When Howard University in Washington announced in May it was restructuring Howard University Hospital by appointing its first-ever board of directors, the decision was not surprising in the context of the volatile local healthcare market.
After all, Howard not only faces the woes of many inner-city academic medical centers nationwide, but also shares with other local hospitals the pressures of a deep financial crisis in the District of Columbia government.
But hospital officials said they are looking beyond the current fiscal turmoil in the restructuring, which also included making the hospital, with 515 licensed beds, a wholly owned subsidiary of the university because the hospital must better compete in a changing healthcare market.
"If everything else were going fine, we'd still do this," said Charles Epps, M.D., acting executive director and chief executive officer of the hospital and university vice president of health affairs.
Having a board of directors specific to the hospital, rather than being overseen by a university board, will allow the university to respond more rapidly to market conditions, such as bidding for new HMO contracts, Epps said.
In many ways, Howard's challenges are the same as those faced by all urban teaching hospitals. They include uncompensated care and the threatened reduction of Medicare graduate medical education funding.
But in other ways, Howard's squeeze is different. The deficit in Washington-more than $700 million on a fiscal 1995 budget of $3.2 billion-threatens the district's own public health infrastructure, including cutbacks at the public District of Columbia General Hospital, which could push more uncompensated care onto Howard.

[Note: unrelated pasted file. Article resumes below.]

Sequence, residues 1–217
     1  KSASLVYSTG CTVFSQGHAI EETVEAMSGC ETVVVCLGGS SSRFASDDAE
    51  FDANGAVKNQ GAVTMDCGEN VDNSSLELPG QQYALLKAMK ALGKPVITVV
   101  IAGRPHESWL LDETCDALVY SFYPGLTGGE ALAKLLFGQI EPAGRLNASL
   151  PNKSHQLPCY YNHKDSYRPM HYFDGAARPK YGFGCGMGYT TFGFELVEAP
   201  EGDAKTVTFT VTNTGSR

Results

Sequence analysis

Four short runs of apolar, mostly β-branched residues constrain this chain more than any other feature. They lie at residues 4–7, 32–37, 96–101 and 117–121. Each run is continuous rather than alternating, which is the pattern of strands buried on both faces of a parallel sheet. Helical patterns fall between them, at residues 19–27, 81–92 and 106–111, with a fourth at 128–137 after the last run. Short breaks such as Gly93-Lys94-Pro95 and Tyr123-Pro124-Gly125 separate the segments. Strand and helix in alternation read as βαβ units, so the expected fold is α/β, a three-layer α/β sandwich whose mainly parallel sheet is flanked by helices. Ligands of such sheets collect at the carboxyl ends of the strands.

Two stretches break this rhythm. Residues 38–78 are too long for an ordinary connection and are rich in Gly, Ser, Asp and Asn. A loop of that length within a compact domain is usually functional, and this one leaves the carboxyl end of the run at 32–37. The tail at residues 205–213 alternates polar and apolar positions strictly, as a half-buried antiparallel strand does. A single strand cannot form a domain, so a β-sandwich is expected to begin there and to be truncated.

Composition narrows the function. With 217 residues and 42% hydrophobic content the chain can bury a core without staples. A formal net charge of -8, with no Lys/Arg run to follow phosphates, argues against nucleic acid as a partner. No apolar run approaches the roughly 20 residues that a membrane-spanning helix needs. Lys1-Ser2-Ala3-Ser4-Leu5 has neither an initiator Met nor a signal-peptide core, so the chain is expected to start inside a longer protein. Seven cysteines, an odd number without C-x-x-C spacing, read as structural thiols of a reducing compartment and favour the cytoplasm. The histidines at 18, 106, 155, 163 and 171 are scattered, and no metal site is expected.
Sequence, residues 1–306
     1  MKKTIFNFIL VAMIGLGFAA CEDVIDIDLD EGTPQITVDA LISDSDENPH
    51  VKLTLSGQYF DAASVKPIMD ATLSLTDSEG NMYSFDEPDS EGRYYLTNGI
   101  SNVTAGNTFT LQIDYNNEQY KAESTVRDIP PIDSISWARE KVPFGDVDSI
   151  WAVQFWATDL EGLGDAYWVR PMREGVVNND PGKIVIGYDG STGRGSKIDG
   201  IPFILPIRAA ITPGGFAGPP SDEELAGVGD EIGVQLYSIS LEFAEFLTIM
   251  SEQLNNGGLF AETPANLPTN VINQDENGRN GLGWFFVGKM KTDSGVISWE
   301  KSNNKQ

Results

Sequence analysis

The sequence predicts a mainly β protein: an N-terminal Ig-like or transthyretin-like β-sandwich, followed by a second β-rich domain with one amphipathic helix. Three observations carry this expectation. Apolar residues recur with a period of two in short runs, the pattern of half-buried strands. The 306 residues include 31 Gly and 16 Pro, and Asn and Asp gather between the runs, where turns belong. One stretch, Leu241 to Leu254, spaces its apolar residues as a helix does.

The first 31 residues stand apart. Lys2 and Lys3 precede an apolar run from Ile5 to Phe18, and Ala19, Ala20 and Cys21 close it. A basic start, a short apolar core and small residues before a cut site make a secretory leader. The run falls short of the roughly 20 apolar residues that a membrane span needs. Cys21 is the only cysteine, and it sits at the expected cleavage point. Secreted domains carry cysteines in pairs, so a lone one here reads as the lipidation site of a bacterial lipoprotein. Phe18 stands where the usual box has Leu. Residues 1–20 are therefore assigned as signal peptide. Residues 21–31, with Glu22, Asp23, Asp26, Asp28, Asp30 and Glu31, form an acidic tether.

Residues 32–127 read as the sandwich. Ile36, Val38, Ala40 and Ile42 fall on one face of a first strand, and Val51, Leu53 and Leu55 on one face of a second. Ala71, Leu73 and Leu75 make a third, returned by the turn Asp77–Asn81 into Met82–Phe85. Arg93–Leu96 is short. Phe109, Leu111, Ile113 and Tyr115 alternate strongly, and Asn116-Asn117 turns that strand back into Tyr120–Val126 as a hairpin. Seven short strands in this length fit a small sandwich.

Furthermore, Epps said, the district may try to enroll more of its Medicaid population in managed care as it tries to control its deficit.
"We need to be able to compete for those patients," Epps said.
Finally, Howard University has been a recipient of a special federal educational appropriation-$206 million in federal fiscal year 1995-that Congress has proposed revoking as it tries to balance the federal budget. Howard University Hospital has received a large share of that appropriation, but officials said they couldn't be more specific about the amount.
In fact, the uncertainty of Medi-caid payments, the future of the public healthcare system and the threatened federal cutbacks have spurred Moody's Investors Services to downgrade the bond rating of the whole university a notch to A from A1.
The hospital expects to post a loss of $10 million for the fiscal year ended June 30 and is aiming to break even in fiscal 1996, Epps said.
To ensure the financial viability of the hospital, the board may have to consider cutting back medical programs and reducing the number of medical students from the current 460, as well as decreasing the number of residents at the hospital, Epps said. Selling the hospital is not an option, as one other Washington medical school, George Washington University, is considering.